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Reedsburg's Line Savors Offensive Explosion

Varsity - 2008 Season
Posted Thursday, November 20, 2008 by Bill Cooney

WIAA football: Reedsburg's line savors offensive explosion
 
Senior center Zach Downing has helped senior quarterback Tyler Mazur rush for 1,119 yards and 13 touchdowns this season.
 
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THU., NOV 20, 2008 - 10:24 AM
WIAA football: Reedsburg's line savors offensive explosion
By BILL COONEY
608-252-6165

Trying to figure out the idiosyncrasies of a veer option offense isn't easy.

In fact, Reedsburg senior left guard Bob Krueger and some of his linemates admit they had only one blocking scheme mastered as first-year starters in the offense at the beginning of last season.

It was called the look out block.

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"We call it a look out block," Krueger said, "because you pretty much missed it and you turn around and say, 'Look out!' to the quarterback."

Oh, how times have changed.

Not only are Krueger, senior left tackle Jeremy Klang and senior center Zach "Moose" Downing — the two other returning starters — and sophomore right guard Cody Schulte and senior right tackle Matt Rockweiler making effective blocks this season, they're paving the way for a near-unstoppable ground attack.

In four playoff games, the Beavers have averaged 392 yards rushing per game. That includes 25 rushing touchdowns. And that helps equal 49, 70, 34 and 40 points scored in a postseason that has put Reedsburg in its first state final.

The Beavers (10-3) take on Waupaca (13-0) in the WIAA Division 3 state title game Friday at Camp Randall Stadium.

"During the playoffs, I've had great stats and it's all because of them," said senior fullback Justin Huinker, who ran for a season-high 337 yards and three TDs in a Round 3 win over Madison Edgewood. "If I didn't have those holes that they opened every play, I wouldn't get anything."

Undersized, yet not undermanned, Reedsburg's offensive line is the secret to success for the Beavers. Depending on what play quarterback Tyler Mazur calls, each lineman has to be ready to make separate line calls in order to carry out a successful play.

On any given play in this offense, a lineman could be blocking a defensive end, a tackle, a linebacker or helping a teammate with a double-team block.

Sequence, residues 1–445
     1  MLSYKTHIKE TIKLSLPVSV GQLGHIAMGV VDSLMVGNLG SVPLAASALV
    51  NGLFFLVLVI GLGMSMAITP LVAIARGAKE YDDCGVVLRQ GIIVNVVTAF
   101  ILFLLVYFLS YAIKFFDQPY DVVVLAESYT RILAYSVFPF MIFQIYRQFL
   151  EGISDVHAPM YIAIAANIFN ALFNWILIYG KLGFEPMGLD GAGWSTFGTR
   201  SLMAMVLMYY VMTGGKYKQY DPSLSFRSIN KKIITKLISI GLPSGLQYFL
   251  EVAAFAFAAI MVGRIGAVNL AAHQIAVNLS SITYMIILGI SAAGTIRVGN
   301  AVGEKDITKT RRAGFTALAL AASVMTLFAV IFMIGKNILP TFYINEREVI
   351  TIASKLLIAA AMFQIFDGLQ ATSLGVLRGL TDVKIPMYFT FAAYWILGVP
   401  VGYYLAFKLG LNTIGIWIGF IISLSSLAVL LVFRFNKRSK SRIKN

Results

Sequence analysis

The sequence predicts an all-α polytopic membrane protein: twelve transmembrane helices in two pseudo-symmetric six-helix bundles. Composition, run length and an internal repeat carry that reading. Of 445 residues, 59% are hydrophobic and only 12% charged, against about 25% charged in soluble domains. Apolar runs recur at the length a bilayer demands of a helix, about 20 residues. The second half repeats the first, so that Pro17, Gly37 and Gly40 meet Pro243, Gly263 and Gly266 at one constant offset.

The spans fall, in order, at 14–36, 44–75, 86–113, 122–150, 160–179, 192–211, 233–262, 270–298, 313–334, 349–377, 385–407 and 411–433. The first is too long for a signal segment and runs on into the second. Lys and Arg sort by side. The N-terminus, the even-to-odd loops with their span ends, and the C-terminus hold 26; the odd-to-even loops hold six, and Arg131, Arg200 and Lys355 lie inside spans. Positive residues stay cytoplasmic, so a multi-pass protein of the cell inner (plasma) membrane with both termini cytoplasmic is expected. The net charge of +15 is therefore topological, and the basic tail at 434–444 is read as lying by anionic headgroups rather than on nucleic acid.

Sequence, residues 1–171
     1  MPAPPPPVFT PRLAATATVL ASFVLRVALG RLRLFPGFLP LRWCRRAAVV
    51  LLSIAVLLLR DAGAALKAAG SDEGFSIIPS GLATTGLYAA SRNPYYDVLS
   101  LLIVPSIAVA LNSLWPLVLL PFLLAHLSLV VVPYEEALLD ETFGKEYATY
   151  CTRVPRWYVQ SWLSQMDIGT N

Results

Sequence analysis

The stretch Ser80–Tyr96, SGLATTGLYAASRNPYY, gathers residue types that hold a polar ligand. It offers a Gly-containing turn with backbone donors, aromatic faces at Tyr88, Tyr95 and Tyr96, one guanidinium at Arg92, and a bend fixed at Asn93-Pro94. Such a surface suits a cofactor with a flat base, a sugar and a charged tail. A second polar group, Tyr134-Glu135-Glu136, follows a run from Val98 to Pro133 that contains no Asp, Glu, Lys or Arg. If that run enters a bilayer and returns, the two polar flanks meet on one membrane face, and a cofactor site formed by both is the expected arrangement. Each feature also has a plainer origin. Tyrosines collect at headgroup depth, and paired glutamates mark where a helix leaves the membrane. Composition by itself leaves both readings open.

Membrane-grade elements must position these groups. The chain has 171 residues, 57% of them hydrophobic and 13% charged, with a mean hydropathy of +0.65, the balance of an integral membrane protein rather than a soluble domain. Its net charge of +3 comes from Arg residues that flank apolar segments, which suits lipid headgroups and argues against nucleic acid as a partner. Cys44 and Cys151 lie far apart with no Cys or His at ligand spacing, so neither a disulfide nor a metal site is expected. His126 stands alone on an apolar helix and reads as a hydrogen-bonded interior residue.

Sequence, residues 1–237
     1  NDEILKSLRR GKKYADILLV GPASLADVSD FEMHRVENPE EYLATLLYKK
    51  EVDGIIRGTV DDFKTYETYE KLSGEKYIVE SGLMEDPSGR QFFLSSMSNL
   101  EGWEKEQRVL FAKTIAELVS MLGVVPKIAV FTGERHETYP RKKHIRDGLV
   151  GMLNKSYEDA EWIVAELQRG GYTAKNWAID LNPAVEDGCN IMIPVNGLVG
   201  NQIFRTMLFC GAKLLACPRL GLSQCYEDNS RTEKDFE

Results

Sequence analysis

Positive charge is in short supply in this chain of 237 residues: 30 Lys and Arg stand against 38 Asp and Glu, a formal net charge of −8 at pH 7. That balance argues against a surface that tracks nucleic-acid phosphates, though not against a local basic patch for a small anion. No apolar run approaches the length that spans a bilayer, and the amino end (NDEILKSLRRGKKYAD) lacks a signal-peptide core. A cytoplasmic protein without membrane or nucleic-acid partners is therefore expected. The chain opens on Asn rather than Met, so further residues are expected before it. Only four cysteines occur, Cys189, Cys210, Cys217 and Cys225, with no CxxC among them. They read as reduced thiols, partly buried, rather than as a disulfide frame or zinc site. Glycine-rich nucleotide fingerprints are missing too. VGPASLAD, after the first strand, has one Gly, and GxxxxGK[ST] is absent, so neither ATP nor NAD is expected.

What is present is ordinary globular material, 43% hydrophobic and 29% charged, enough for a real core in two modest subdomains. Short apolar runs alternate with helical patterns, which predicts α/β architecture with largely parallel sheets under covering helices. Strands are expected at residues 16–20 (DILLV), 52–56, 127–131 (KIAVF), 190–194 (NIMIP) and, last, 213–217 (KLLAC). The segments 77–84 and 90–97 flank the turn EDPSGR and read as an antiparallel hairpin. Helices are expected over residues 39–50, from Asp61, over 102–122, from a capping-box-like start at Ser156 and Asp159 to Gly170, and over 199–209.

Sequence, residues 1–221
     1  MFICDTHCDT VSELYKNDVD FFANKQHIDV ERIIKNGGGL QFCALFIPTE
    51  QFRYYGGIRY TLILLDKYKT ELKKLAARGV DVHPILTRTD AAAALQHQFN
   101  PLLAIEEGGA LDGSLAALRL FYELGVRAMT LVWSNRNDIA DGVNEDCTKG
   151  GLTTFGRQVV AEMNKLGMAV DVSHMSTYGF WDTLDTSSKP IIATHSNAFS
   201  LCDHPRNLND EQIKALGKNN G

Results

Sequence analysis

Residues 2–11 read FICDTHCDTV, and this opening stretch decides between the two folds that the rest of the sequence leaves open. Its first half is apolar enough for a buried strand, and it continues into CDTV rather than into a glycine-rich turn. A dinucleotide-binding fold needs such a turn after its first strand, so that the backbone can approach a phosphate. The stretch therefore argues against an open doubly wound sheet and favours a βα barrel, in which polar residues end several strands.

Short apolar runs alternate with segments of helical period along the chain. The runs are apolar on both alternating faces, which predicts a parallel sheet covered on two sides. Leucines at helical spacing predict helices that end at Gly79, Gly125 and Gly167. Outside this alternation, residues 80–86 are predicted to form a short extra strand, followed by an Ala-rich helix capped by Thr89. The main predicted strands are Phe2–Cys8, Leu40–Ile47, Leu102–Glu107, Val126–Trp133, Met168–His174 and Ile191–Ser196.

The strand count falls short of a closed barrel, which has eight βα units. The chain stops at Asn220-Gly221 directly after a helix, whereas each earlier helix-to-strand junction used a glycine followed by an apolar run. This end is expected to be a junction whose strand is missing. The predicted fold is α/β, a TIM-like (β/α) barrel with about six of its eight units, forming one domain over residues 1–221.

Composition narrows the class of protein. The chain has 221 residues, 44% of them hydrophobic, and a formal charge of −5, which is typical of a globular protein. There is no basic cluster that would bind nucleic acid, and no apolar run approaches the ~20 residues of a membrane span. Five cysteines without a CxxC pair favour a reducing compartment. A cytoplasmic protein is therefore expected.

"They don't back down from anybody," third-year Reedsburg coach Brian Pottinger said. "And they know most of the defensive linemen are going to be bigger like they have all year. They know it's coming and they just go in there and battle."

At 240 pounds, Schulte is the biggest lineman. Krueger, Klang and Downing are around 200 pounds, while Rockweiler — a converted tight end — weighs 170.

"(It's great) knowing that you're doing your job even though you're not the big studly offensive lineman that everybody thinks you should be," said Klang, whose team has won five straight since a Week 8 loss to Waunakee. "And we're still having great success."

And what the Beavers lack in poundage, they make up for in humor.

At times during the season, the line — specifically Krueger — enjoys barking out dummy calls to confuse the defense.

Magenta. Mac 'n' Cheese. Tickle me pink. Yes, those are a few of the dummy variety. Or maybe they're not.
"It just got ridiculous," Krueger said. "We just threw in different words. (The defenses) were just trying to stay in the game. They were so confused."

When Krueger's not singing along to his Hip Hop favorites T.I. or Chris Brown from the back of the bus, he's joking with Mazur about his ability as a quarterback.

"Bob is always saying how Mazur's a unanimous (all-conference) first-team pick but he would have been all-state (as our quarterback)," Huinker said. (But) he doesn't have any arm at all."

While most linemen don't get the recognition they deserve because their names don't show up in the boxscore, just watching Mazur (1,119 yards rushing, 13 touchdowns), Huinker (1,192, 14) or tailback Matt Lennon (671, 17) bust a big play is satisfying enough for this quintet.

"It just feels great," Klang said. "Seeing the back fly past you going down the field and you're making the key block on the safety or the linebacker, it just feels good knowing you did something to help. Even though you don't get the recognition for it, it just feels really good inside."

Of course, a state title would make them feel even better.

"It's been quite a ride so far," Klang said. "But a win and getting that trophy would be the ultimate goal."

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